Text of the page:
Credit reports are free; credit scores will cost you.
That used to be the mantra, but it’s changing.
From banks to auto lenders to personal finance websites, there are places where you can get your credit score for free. A growing number of banks, auto lenders, credit card companies and consumer sites are providing consumers with free access to their credit scores.
“If your goal is to get a credit score, you don’t have to pay for something to get it,” said Greg McBride, spokesman for Bankrate.com.
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Last fall, Barclays bank was one of the first credit card issuers to announce it was partnering with FICO, the granddaddy of credit score creators, to give its customers regular, free access to their credit scores. Some of its MasterCard holders can view their credit scores, either online or on their monthly printed billing statement. They can even sign up for e-alerts when their credit score changes.
The shift toward free credit scores comes as many consumers are focusing on shoring up their personal finances, say consumer experts.
“Because of the recession, because of the mortgage crisis, a lot of people realize they need to take ownership of their financial well-being, rather than rely on their banker or lender to take care of them,” said Anthony Sprauve, senior consumer credit specialist with myFICO.com, which is headquartered in San Rafael.
He said FICO, as part of its “open access” partnerships launched in November, is rolling out agreements with a number of lenders and others to give customers regular, free access to their credit scores. This fall, for instance, Sallie Mae, the student loan lender, and auto dealer Hyundai will give students access to credit scores on their monthly statements for college or car loans.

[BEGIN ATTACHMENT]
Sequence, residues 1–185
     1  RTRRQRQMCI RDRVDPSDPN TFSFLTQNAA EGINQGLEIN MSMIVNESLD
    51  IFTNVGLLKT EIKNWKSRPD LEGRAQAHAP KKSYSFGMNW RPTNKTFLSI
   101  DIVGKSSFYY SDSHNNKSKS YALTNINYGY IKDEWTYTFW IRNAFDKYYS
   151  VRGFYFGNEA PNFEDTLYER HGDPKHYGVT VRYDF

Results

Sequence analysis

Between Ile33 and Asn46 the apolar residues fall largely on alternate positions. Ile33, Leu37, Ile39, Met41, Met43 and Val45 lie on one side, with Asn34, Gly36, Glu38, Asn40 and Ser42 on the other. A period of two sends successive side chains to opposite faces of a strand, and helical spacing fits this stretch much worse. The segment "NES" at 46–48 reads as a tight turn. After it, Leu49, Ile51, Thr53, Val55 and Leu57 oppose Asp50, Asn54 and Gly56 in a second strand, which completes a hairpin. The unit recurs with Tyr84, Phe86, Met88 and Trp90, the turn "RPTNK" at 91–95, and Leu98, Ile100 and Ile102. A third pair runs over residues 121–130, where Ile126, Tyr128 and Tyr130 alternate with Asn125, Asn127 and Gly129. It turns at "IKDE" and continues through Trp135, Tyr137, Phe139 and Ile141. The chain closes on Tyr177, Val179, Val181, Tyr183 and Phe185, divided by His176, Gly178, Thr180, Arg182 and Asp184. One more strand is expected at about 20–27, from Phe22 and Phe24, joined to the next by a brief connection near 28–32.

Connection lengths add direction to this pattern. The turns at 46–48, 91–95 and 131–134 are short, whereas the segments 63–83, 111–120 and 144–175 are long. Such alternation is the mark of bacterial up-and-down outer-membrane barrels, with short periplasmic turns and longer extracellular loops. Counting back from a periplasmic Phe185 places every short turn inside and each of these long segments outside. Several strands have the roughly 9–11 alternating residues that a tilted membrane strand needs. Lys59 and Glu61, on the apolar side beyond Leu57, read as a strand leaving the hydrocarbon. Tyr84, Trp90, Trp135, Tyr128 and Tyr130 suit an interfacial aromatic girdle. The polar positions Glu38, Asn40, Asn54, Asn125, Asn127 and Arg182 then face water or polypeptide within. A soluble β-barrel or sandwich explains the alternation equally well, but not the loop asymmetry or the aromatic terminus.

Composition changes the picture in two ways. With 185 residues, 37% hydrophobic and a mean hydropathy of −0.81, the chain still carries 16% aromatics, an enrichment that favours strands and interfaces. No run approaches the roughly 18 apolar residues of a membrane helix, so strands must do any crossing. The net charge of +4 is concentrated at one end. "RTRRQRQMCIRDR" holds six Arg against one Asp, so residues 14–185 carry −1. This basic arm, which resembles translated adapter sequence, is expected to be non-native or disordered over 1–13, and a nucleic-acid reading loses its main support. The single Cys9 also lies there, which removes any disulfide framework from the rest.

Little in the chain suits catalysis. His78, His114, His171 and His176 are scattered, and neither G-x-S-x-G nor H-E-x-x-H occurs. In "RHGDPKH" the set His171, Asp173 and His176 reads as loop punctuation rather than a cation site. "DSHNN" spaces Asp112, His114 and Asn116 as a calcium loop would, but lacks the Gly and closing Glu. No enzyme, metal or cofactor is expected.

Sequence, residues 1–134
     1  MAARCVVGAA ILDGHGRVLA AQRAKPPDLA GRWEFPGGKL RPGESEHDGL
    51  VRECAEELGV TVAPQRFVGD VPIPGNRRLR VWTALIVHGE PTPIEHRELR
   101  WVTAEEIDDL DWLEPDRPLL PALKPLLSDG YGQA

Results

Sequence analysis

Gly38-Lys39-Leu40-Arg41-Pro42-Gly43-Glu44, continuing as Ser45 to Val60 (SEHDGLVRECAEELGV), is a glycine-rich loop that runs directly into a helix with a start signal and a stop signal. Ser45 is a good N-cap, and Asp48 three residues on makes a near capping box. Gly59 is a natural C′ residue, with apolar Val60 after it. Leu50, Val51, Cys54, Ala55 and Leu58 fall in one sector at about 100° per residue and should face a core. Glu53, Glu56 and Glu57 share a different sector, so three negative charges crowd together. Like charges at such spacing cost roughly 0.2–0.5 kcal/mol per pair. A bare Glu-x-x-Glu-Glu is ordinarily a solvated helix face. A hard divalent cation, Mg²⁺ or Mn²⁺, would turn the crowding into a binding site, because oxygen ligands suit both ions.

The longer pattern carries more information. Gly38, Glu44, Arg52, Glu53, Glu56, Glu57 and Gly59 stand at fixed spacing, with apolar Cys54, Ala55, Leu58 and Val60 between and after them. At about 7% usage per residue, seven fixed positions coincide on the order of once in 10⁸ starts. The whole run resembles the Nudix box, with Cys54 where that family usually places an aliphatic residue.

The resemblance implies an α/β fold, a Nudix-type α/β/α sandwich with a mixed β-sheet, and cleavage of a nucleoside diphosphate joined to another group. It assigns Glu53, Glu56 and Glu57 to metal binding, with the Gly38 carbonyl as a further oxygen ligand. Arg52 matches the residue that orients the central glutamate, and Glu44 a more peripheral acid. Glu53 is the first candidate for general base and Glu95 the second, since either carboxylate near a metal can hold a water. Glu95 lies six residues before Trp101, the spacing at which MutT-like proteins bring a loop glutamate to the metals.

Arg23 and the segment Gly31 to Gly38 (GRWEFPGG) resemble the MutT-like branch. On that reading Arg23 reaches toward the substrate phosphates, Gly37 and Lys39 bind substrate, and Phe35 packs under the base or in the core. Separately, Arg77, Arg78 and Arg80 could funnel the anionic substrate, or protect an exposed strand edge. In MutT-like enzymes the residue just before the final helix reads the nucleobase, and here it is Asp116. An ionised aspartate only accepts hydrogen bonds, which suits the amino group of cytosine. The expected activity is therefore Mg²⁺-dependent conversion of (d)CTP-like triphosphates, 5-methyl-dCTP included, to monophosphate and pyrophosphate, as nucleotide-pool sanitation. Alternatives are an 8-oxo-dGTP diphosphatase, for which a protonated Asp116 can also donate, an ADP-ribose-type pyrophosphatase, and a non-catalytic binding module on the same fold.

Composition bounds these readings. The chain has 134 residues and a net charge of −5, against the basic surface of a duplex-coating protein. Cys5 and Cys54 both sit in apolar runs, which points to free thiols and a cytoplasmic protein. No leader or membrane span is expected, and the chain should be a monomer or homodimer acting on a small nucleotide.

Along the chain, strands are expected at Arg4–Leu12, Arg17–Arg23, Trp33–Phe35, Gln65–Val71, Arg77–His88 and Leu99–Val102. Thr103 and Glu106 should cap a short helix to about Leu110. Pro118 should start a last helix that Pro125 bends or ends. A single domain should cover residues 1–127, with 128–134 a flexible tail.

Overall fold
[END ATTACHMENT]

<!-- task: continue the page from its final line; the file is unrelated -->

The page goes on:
And some personal finance sites, like Bankrate.com, Credit.com and CreditKarma.com, also offer free credit scores or estimators that are close to an actual FICO score.
“Helping people understand their FICO score is the foundation of their financial house,” said Sprauve, who said seeing monthly changes in their credit scores can help consumers adjust their financial behavior.
Also this fall, he said, FICO is announcing “significant improvements” in how its credit scores are compiled based on five rating factors: payment history, amount owed, types of credit used, length of credit history and new credit. The goal is to fine-tune the FICO score to more accurately enable lenders and others to gauge a consumer’s ability to repay debt, Sprauve said.
What’s so important about a credit score? It’s the three-digit number – between 300 and 850 – that determines what you’ll pay on credit cards, auto loans, mortgages and other forms of credit.
As of April 2014, the median FICO score among roughly 200 million Americans is 711, according to Sprauve. That number hasn’t budged much since 2005, even during the recession, he noted.
Generally, “anything above 700 is good; you’ll get good rates (on loans and credit cards),” said Sprauve.
But don’t go overboard. “People obsess about their credit scores,” said McBride. “They focus on minutiae, things that can be inconsequential,” like whether they should close a particular card card account or not.
In general, the essence of maintaining a good credit score is simple: Pay your bills on time. Pay down debt. “That’s two-thirds of your credit score right there,” said McBride.
Most Americans, he noted, have decent credit scores. What they don’t have is a financial cushion. “The focus should be on having an adequate emergency savings,” ideally six months of living expenses. “You gotta pay yourself first, there’s no app for that.” Set up direct deposit from your paycheck into a dedicated savings account. Take a “long, hard look” at expenses to find opportunities to cut back. Find ways to boost income, such as freelancing or extra odd jobs.
As Americans continue recovering from the recession, there’s perhaps more awareness of financial well-being.
“Overall, consumers understand they need to know their own financial situation better, to ask more questions and not blindly follow what a lender is telling them to do,” said Sprauve. “There’s a whole push for consumer awareness and empowerment around personal finance.”